Citation: Gao, F., Thompson, J. R., Petsios, E., Erkenbrack, E., Moats, R. A., Bottjer, D. J., & Davidson, E. H. (2015). Juvenile skeletogenesis in anciently diverged sea urchin clades. Developmental biology, 400(1), 148-158.
Conserved regulatory state expression controlled by divergent developmental gene regulatory networks in echinoids
Evolution of the animal body plan is driven by changes in developmental gene regulatory networks (GRNs), but how networks change to control novel developmental phenotypes remains in most cases unresolved. Here we address GRN evolution by comparing the endomesoderm GRN in two echinoid sea urchins, Strongylocentrotus purpuratus and Eucidaris tribuloides, with at least 268 million years of independent evolution. We first analyzed the expression of twelve transcription factors and signaling molecules of the S. purpuratus GRN in E. tribuloides embryos, showing that orthologous regulatory genes are expressed in corresponding endomesodermal cell fates in the two species. However, perturbation of regulatory genes revealed that important regulatory circuits of the S. purpuratus GRN are significantly different in E. tribuloides. Thus for instance mesodermal Delta/Notch signaling controls exclusion of alternative cell fates in E. tribuloides but controls mesoderm induction and activation of a positive feedback circuit in S. purpuratus. These results indicate that the architecture of the sea urchin endomesoderm GRN evolved by extensive gain and loss of regulatory interactions between a conserved set of regulatory factors that control endomesodermal cell fate specification.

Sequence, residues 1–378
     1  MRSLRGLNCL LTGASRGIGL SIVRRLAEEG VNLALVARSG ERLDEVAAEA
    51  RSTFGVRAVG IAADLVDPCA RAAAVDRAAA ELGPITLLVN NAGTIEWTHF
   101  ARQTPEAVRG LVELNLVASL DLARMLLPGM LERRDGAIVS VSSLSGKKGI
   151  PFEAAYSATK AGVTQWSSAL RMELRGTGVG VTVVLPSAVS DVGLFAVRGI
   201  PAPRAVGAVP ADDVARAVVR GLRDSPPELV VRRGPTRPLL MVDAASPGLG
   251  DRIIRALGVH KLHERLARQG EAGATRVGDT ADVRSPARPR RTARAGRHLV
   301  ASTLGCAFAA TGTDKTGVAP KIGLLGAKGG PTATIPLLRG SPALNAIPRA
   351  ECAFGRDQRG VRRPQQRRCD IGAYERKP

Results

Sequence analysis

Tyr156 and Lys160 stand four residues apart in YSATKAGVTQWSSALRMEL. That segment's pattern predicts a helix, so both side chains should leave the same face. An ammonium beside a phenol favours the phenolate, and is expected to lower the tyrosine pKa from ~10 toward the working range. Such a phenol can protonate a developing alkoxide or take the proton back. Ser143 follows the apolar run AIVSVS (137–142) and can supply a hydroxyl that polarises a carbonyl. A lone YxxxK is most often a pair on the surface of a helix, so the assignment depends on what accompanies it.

Cells frequently counteract environmental stress by conserved molecular mechanisms, leading to stress mitigation or apoptosis. Increasingly, studies on cellular stress responses intersect with cell type differentiation programs. It is hypothesized that integration of these conserved pathways is a mechanism of stress‐induced evolutionary innovation that is capable of generating novel cell types.
© 2016 Eric M Erkenbrack and Elsevier. All rights reserved.